- - Thursday, September 27, 2012

An American compound in Libya is invaded by al Qaeda terrorists and an American ambassador is purportedly tortured before being killed. Muslim mobs attack American embassies in 27 countries chanting,”Death to America.” The White House response? A statement blaming the outrages on a filmmaker in the United States, along with apologies to the Muslim world.

The American economy languishes with millions unemployed in the worst times since the Great Depression. Yet the president spends his first years in the White House focusing on a plan to create a trillion-dollar socialized health care system opposed by a majority of Americans. Then he campaigns for re-election on a platform blaming rich Americans for the economic woes.

What’s going on here?

The answer lies in a famous statement the president made on the eve of his election, when he told a crowd of cheering supporters: “We are five days away from fundamentally transforming the United States of America.” These are not the words of a traditional, pragmatic-minded American politician. A practical politician attempts to address problems and fix them, not to fundamentally transform an entire nation. Transforming nations is what radicals aspire to do. But Mr. Obama’s actions in the past four years — beginning with putting Obamacare in front of the economic crisis — are nothing if not radical.

Radicals are sometimes referred to as “liberals in a hurry.” They share goals but not means. Both Mr. Obama and House Minority Leader Nancy Pelosi, California Democrat, expressed early sympathy for the Occupy Wall Street movement, whose rage at the American social order quickly turned violent and destructive.

But while Mr. Obama and Mrs. Pelosi may pursue their agendas through the traditional process of democratic government, ends still determine means. The radical nature of the goals they pursue does have consequences, the first of which is to divide the nation in an hour when they should have been uniting it.

In a national crisis such as America faced in 2009 when 800,000 of us were losing our jobs every month, traditional leaders would have regarded their first task as one of rallying the country on a common agenda and bringing Americans together. Instead, Mr. Obama and Mrs. Pelosi put their radical agenda first — passing a massive health care bill, the most transformative legislation in American history, and passing it over the opposition not only of Republicans but even of Democratic voters in Massachusetts, who elected Republican Scott Brown to cast a vote against it.

Far from pursuing national unity to solve the crisis, Mr. Obama put his goal of transformation in front of everything. In order to achieve the change he wanted, he shut out the congressional Republicans in drafting his revolutionary legislation, and then disregarded the majority of Americans when they rejected his plan, defeating Democrats in special elections in New Jersey and Virginia — states that he had won. His radical goals caused Mr. Obama to squander his political capital on a divisive campaign in the first two years of his administration that has changed and embittered the political landscape, and that has persisted for four years and could continue.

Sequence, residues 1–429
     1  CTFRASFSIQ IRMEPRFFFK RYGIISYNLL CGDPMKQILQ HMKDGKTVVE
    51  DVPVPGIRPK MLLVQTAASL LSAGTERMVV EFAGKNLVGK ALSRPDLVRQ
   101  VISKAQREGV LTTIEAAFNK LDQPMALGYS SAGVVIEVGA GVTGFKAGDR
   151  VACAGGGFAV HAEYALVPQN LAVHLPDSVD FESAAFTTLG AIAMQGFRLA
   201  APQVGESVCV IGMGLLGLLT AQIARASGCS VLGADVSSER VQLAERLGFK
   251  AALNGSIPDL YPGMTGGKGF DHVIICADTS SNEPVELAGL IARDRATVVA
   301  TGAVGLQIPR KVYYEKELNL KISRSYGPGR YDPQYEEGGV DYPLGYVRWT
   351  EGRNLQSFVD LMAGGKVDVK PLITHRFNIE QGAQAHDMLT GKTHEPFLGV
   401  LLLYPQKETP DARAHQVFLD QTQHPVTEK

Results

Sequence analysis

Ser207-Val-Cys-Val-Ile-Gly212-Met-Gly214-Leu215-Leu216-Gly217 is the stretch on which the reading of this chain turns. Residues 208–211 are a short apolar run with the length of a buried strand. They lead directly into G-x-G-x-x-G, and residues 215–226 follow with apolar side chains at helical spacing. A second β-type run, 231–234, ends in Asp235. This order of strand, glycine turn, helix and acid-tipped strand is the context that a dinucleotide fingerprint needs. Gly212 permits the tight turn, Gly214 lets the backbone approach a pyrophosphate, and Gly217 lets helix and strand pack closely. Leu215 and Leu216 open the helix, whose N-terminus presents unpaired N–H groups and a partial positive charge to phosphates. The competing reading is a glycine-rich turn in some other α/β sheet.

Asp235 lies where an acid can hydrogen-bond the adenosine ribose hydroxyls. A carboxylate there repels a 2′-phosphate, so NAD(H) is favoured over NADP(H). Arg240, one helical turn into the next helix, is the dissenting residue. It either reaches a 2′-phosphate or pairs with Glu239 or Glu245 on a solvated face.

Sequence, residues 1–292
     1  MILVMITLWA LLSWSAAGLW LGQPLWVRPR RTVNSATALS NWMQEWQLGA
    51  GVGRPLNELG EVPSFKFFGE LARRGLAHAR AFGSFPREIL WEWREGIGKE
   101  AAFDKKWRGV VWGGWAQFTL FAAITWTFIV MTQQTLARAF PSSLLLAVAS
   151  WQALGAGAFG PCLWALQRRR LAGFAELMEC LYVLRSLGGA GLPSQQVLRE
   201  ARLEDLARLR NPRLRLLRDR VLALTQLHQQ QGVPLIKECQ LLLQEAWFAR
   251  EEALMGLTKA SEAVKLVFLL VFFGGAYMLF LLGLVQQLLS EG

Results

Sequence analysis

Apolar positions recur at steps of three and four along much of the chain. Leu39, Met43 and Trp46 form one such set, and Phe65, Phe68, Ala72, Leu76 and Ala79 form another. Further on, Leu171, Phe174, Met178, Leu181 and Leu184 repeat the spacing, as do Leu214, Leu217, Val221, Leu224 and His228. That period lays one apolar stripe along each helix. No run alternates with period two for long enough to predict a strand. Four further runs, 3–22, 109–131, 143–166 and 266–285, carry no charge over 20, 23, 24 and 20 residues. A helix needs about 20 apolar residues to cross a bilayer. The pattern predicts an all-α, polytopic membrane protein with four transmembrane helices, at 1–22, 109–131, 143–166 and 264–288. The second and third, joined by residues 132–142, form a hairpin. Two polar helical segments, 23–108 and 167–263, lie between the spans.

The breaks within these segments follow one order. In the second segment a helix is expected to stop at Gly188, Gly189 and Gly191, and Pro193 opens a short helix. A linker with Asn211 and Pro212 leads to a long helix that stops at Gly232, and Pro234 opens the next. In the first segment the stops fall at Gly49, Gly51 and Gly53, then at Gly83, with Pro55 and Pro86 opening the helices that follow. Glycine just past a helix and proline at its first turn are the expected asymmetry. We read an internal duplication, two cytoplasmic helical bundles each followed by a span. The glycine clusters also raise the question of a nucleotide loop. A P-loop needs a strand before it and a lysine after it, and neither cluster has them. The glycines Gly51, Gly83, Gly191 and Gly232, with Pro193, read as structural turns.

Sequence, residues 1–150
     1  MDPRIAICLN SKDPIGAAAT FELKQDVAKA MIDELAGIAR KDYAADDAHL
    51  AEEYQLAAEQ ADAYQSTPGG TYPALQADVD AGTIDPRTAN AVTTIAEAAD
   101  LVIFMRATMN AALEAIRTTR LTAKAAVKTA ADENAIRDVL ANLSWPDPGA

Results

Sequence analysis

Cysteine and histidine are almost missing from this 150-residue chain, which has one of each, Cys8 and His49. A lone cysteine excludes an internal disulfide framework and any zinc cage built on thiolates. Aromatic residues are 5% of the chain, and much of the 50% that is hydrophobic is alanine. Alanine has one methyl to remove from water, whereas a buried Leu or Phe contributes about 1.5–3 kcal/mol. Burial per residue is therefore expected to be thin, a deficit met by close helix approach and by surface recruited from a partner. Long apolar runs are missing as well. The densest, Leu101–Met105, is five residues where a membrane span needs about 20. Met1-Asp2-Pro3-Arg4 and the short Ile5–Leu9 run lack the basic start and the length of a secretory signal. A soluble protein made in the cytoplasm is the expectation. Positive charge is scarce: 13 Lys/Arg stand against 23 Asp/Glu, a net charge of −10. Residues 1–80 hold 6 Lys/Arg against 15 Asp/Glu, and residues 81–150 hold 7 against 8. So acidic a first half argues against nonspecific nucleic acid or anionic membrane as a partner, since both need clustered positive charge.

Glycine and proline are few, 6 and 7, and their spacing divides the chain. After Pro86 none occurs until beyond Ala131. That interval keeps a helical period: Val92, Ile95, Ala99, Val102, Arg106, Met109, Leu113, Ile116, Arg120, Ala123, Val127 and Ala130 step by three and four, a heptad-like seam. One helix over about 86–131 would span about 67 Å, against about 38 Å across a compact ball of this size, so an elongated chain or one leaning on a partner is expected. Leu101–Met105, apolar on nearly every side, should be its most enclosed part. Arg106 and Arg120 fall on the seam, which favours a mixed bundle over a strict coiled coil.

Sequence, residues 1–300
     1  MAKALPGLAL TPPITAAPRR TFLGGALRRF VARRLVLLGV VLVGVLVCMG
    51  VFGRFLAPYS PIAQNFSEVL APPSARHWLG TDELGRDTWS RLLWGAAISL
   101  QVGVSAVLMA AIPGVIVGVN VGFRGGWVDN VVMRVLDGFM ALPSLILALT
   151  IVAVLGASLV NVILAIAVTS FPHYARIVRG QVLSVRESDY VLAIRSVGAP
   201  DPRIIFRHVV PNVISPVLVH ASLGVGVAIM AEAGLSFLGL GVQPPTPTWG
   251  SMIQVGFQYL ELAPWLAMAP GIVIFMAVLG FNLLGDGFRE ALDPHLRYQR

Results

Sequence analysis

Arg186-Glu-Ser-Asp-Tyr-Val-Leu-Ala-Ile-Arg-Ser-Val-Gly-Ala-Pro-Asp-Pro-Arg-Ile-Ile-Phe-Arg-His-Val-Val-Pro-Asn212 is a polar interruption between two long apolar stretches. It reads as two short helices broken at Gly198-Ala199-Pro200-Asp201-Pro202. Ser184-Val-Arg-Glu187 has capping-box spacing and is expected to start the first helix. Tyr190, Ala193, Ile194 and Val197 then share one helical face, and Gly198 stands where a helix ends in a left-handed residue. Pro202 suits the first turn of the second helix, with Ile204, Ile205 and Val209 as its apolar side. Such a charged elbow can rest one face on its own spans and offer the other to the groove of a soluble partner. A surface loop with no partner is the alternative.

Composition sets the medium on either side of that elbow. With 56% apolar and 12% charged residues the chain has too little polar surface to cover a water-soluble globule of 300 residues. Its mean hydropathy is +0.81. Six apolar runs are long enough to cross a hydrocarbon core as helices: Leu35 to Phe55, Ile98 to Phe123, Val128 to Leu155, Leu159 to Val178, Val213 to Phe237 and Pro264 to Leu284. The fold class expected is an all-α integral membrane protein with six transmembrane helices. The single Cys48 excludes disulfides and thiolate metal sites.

Of the Obama election effort dominated by themes of class envy and conflict, a longtime liberal and Democrat, Mortimer Zuckerman, the publisher of U.S. News & World Report, has said: “It is a dishonest, divisive campaign. It’s discouraging of enterprise. It does the opposite of uniting the country to deal with the current economic crisis.”

Abroad, the story is depressingly similar. The president launched his radical foreign policy initiatives with a speech in June 2009. Speaking in Cairo, now aflame with anti-American protests, he offered the Muslim world “a new beginning.” By this, he meant not a Muslim new beginning but an American change of heart, as though it were our policies that led to the Islamic attacks of Sept. 11, 2001, and the ravages of the wars in Afghanistan and Iraq. As an anti-war president, Mr. Obama has surrendered Iraq, in whose cause so many young Americans died, to America’s enemy, Iran. This was another gesture of American retreat designed to ingratiate us with those who hate us.

What have these three years of reversing America’s traditional policies wrought? Charles Krauthammer summarized it in a recent column: “The Islamic world is convulsed with an explosion of anti-Americanism. From Tunisia to Lebanon, American schools, businesses and diplomatic facilities set ablaze. A U.S. ambassador and three others murdered in Benghazi. The black flag of Salafism, of which al Qaeda is a prominent element, raised over our embassies in Tunisia, Egypt, Yemen and Sudan.” According to public opinion polls, America’s appeasement of Islamic rage has led to a situation in which America is more hated today in the Muslim world than it was at the height of the war in Iraq.

Like all other radical ideas, Mr. Obama’s foreign policy schemes were based on wishful thinking rather than a realistic appraisal of what the country faces and what its real enemies intend. That is why his policies have failed and a weaker America faces a more dangerous world.

America is a nation that was created by conservatives who designed for it a system of checks and balances to frustrate radical schemes. In his four years as president, Mr. Obama has attempted to circumvent the Founding Fathers’ prudent plans. Now he is asking for a second opportunity. Hopefully, American voters will deny him that opportunity in November and put a check on those radical schemes.

David Horowitz is author most recently of “Radicals: Portraits of a Destructive Passion” (Regnery, 2012).

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